Four Color Apocalypse 2021 Year in Review : Top Ten Single-Issue Comics

And so it begins : with the end of the year breathing down our necks, it’s time to take stock of the best (by my estimation, at any rate) comics of 2021, broken down, as usual, into six different categories so as to avoid the goofy shit you find elsewhere — like, say, a 12-page mini having to “compete” against a 400-page graphic novel, or a book of reprinted material being judged by the same standard as all-new stuff. My goal is to get three lists done this week, then do three more next week, beginning with the TOP TEN SINGLE-ISSUE COMICS, which means stand-alone “floppy” comics or minis, or single issues of ongoing series which were one-offs — any series (limited or ongoing) which saw two or more issues released in 2021 will be eligible in the TOP TEN COMICS SERIES category. Sound good? Let’s do this :

10. God Bless The Machine By Connor McCann (Strangers Fanzine) – An acid-trip science fiction conceptual free-for-all that takes dead aim at vapid celebrity worship and global media consolidation while never forgetting to be a ton of fun along the way, McCann’s comic is equal parts timely as hell and decades ahead of its time. If you miss the days when comics were insane, fun and insanely fun, I’ve got good news : they’re back.

9. Birth Of The Bat By Josh Simmons (The Mansion Press) – Simmons’ latest “Bootleg Batman” comic continues his trend of de facto deconstruction by taking the character of the Caped Crusader to its logical extremes — which is to say, well past the point of disturbing absurdity. Where some are content to merely mine the so-called “Bat mythos” for all its worth, Simmons strip mines it — and yet always seems to have more to say on the subject.

8. Epoxy #6 By John Pham (Self-Published) – Another sumptuous riso-printed feast for the eyes from the modern master of hand-printed comics. Who can say no to more “J+K” hijinks, another installment of “Deep Space,” and fold-outs and inserts galore? I know I sure can’t. Long may this series continue.

7. BUM : Unsmooth #2 By E.S. Glenn (Floating World Comics) – Glenn blows the doors wide open with this formally experimental, genre-hopping tour de force that plays with convention in the best way possible : by utilizing it for the artists’ own ends. Shifting styles as frequently as it shifts tone and perspective, this is one of those comics that leaves you with more questions than answers while all the time making its own kind of highly-specialized “sense” along the way. Ambitious, multi-layered, and metatextual, this is auteur work of the highest order.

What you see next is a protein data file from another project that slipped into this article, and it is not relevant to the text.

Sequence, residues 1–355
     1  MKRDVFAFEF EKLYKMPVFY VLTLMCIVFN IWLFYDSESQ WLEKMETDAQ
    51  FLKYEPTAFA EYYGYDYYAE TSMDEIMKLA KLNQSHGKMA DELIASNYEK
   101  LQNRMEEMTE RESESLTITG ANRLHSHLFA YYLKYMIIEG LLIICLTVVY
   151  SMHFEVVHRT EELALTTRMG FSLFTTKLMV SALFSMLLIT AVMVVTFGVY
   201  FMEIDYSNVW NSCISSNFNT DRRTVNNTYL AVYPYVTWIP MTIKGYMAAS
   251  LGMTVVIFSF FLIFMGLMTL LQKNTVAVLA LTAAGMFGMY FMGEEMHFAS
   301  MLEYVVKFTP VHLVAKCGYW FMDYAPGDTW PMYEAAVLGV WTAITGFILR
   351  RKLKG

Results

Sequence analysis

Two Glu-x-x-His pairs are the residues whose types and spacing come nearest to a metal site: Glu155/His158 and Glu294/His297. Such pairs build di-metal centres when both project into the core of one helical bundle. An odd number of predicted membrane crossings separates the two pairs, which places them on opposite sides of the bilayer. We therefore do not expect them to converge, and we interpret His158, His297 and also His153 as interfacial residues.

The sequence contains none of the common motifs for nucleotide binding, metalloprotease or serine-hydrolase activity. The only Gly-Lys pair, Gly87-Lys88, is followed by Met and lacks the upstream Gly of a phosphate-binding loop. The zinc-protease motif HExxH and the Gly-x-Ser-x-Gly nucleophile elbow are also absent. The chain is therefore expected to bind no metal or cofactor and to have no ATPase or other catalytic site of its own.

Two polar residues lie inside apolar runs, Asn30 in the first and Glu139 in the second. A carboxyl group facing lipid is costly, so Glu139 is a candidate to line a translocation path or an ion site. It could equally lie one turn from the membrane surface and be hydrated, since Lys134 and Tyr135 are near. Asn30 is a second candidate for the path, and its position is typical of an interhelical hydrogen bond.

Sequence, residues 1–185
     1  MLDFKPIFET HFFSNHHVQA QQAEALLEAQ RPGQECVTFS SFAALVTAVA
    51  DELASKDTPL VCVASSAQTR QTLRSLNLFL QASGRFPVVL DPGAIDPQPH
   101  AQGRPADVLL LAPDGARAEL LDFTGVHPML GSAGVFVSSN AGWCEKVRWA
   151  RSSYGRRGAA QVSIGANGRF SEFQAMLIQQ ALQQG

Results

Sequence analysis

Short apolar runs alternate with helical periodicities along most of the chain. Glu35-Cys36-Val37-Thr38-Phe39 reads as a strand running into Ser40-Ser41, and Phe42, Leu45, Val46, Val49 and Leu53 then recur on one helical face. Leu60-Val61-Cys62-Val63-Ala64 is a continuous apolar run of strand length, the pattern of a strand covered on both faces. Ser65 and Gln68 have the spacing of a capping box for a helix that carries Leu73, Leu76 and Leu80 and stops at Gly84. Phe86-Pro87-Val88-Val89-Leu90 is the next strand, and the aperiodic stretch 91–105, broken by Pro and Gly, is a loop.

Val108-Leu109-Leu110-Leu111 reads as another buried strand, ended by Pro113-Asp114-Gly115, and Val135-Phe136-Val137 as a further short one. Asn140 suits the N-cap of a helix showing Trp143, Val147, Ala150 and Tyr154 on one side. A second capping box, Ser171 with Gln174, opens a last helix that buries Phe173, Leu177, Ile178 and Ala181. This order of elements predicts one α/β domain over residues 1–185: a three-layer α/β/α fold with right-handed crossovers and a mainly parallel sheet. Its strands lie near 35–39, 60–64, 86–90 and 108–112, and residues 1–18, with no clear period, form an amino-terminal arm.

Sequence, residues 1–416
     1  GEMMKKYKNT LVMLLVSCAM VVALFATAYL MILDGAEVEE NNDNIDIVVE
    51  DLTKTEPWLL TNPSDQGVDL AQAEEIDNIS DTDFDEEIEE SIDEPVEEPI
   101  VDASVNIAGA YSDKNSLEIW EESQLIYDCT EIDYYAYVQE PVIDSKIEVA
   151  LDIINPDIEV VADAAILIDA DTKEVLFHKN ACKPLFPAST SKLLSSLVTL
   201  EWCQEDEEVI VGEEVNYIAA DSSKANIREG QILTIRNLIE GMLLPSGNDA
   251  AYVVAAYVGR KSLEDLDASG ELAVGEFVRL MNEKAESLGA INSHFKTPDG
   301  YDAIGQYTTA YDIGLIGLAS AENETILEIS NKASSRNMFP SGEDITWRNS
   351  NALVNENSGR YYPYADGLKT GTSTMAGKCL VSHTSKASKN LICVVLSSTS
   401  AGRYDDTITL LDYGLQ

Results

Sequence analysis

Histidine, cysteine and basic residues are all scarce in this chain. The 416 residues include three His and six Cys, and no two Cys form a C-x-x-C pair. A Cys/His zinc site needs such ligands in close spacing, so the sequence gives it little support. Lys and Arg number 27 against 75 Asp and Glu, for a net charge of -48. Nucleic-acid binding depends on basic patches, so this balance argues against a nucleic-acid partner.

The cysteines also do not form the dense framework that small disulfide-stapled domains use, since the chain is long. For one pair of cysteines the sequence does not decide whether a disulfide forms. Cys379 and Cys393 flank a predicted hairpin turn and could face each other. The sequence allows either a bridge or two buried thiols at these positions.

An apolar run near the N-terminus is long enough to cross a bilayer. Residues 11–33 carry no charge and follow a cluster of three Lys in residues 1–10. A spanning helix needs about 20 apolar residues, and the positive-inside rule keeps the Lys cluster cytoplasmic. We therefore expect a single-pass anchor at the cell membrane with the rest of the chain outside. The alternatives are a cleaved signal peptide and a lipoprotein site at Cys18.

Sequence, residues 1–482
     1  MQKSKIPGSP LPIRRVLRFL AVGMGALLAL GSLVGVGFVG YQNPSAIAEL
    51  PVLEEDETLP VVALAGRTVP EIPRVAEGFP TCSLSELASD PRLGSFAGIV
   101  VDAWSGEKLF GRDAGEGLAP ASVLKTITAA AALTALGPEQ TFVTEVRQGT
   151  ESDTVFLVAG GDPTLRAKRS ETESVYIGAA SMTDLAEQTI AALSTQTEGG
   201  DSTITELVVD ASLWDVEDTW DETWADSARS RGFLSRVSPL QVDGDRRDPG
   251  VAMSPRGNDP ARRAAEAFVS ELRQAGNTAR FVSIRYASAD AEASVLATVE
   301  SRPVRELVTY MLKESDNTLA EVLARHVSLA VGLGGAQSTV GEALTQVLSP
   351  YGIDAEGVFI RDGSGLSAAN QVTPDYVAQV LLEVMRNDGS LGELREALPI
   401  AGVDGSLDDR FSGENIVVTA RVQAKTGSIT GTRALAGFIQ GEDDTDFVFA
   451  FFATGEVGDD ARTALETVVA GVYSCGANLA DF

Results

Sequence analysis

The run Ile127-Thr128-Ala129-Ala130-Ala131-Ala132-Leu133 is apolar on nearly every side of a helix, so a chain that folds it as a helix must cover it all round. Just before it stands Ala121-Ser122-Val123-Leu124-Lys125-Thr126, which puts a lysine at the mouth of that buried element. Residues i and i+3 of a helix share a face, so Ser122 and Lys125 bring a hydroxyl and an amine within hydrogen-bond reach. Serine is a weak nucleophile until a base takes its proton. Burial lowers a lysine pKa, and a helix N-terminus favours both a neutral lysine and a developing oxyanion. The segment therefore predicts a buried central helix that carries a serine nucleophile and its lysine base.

6. The Future Is An Open Mouth By Dustin Holland (Self-Published) – Speaking of auteur comics, Holland produces nothing but, and this represents probably the most successful synthesis of his idiosyncratic creative vision with the always-nebulous concept of reader “accessibility.” Which is to say, it’s fucking ecstatically weird, but you’re never lost within its hermetic “universe.” Like all the best art, its borderline-impossible to define what makes Holland’s work so special, you just know that it is.

5. Dear Mother & Other Stories By Bhanu Pratap (Strangers Fanzine) – Arguably the year’s most disturbing work both conceptually and visually, Pratap’s full-length debut challenges notions of identity, bodily autonomy, and intrinsic need on levels both macro and micro. If you don’t think there can be beauty in nihilism, think again, but be warned : the more you do think about this comic, the more sleep you’ll lose.

4. Burg Land 1 – Sleemore Gank By Alexander Laird (Self-Published) – The most imaginative sci-fi comic to come down the pike in a hell of a long time, Laird’s loosely-paced but tightly-plotted opening salvo of what promises to be a sprawling sci-fi opus is breathtaking on every level, creatively and technically, rivaling the riso production values of even the esteemed (and aforementioned) Mr. Pham. Sure, this comic is a clinic on the art of so-called “world building,” but it’s got more than enough heart to match its brains, and that makes all the difference.

3. Speshal Comics, Edited By Floyd Tangeman (Dead Crow) – Essentially a “bonus issue” of Tangeman’s groundbreaking Tinfoil Comix, and showcasing the work of many of the same cartoonists who have appeared in that anthology, the strips in this one all honor the late Bay Area artist/tagger Evan “Spesh” Larsen, and while I admit I never knew the guy, this comic sure makes me wish that I had. This is no mere “tribute” publication, however — rather it’s a celebration and examination of an artist, his ethos, and his body of work as seen from multiple points of view, and well and truly runs the stylistic and tonal gamut. “Spesh” himself may be gone, but this comic is a monumental legacy in and of itself.

2. Scat Hog Volume One By Cooper Whittlesey (Self-Published) – Every year it seems a comic comes from out of left field and knocks me for a wallop. This year, that dubious “honor” belonged to this collection of Whittlesey’s straight-from-the-id strips, scrawled with all the energy and urgency of self-exorcism and not so much released into the world as it was thrust upon it. Still, in my defense, nothing can really prepare anybody for this torrential onslaught of unleashed artistic imperative. Shock and awe, baby — emphasis on the latter.